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From the unashamedly nostalgic Got, Not Got and the thought-provoking If Only: An Alternative History of the Beautiful Game, to Andrew MurtaghÕs superbly-written Gentleman and a Player, Pitch Publishing are always likely to come up with something different. Take a look at their current range: www.pitchpublishing.co.uk




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No Hunger In Paradise The Players. The Journey. The Dream By Michael Calvin

Release date: 27th April, 2017
Publisher: Century

List Price: £16.99
Our Price: £11.89
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Over the past few years, Michael Calvin has established himself as an accomplished writer of sporting tomes (this is no surprise to anyone who has enjoyed his articles in the national press), usually by looking at the beautiful game from an often obtuse angle.

Nowhere Men, for example, his hugely original book about football scouts, showed that unless you’re operating at the very pinnacle of football’s unfair and inequitable pyramid, the rewards remain comparatively modest.

Unfair? Well, yes. Just like every other walk of life in fact.

Whichever their chosen industry or sector, most readers will have experienced unwarranted or unreasonable behaviour, or even downright dishonesty at work. And so it is with football, yet because it’s our national sport, we take greater interest in its murky machinations and unfairness.

No Hunger In Paradise is Calvin’s beautifully-crafted take on football’s aspirations and the dreams of those seeking to make the big time, though frankly, there’s little here that shocks. Is it a surprise that significantly fewer than 1% of boys at academies succeed and feature in a Premier League setup? Hardly; not when clubs regularly field teams comprising seven or eight foreign players.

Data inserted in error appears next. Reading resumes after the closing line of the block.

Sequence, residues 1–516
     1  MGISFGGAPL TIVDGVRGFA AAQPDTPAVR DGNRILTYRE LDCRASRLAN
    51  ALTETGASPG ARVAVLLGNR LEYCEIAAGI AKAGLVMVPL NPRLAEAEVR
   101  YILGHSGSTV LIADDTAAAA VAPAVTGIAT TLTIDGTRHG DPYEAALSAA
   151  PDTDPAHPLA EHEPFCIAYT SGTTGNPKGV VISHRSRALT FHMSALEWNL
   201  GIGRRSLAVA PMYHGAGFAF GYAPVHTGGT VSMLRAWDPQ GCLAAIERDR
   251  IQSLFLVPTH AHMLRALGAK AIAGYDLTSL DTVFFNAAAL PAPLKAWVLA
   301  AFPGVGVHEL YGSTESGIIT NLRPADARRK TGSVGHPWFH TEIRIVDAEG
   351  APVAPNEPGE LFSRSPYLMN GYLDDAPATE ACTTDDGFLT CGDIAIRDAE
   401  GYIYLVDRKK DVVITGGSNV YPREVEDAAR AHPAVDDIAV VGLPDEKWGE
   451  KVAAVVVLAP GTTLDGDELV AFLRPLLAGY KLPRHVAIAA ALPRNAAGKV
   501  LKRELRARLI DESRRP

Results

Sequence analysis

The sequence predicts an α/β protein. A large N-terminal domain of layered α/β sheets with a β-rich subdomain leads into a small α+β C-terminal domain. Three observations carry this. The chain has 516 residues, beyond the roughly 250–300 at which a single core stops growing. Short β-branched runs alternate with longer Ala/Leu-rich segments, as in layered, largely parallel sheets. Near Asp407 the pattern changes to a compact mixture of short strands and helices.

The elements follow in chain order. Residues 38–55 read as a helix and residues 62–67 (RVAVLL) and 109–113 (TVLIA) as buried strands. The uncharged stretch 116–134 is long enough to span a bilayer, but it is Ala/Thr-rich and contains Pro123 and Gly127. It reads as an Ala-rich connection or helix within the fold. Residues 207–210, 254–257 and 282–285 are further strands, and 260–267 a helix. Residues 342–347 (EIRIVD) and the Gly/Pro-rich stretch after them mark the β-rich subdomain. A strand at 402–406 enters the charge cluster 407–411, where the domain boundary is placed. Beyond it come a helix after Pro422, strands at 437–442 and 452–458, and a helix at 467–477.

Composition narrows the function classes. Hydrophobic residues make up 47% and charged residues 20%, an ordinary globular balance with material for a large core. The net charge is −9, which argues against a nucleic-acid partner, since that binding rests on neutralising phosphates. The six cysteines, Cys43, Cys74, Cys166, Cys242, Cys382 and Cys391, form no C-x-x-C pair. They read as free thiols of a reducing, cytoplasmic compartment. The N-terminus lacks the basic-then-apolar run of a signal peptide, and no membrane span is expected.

The implication is that the vast sums of money swilling around the Premier League in particular has made it doubly difficult for boys to break through at top-flight clubs. Certainly, some hard-nosed parents realise that most of that cash ends up in players’ bank accounts, hence their often disgraceful behaviour when pushing their sons.

With academy coaches under pressure to produce acceptable returns on investment, many establishments resemble a production line capable of churning out a handful of exceptional players each year, more than enough to justify an academy’s existence, commercially-speaking.

Like it or not, football is a business and subject to the vagaries of market economics. Is it fair? No. Do some boys find themselves sandwiched between pushy parents and coaches eager to unearth players capable of yielding millions of pounds in transfer fees? Yes.

This fact of economic life will shock few people, though Calvin succeeds in exposing shocking behaviour amongst adults in football’s dreamland that can often put a youngster off the game altogether. That’s sad, not shocking.


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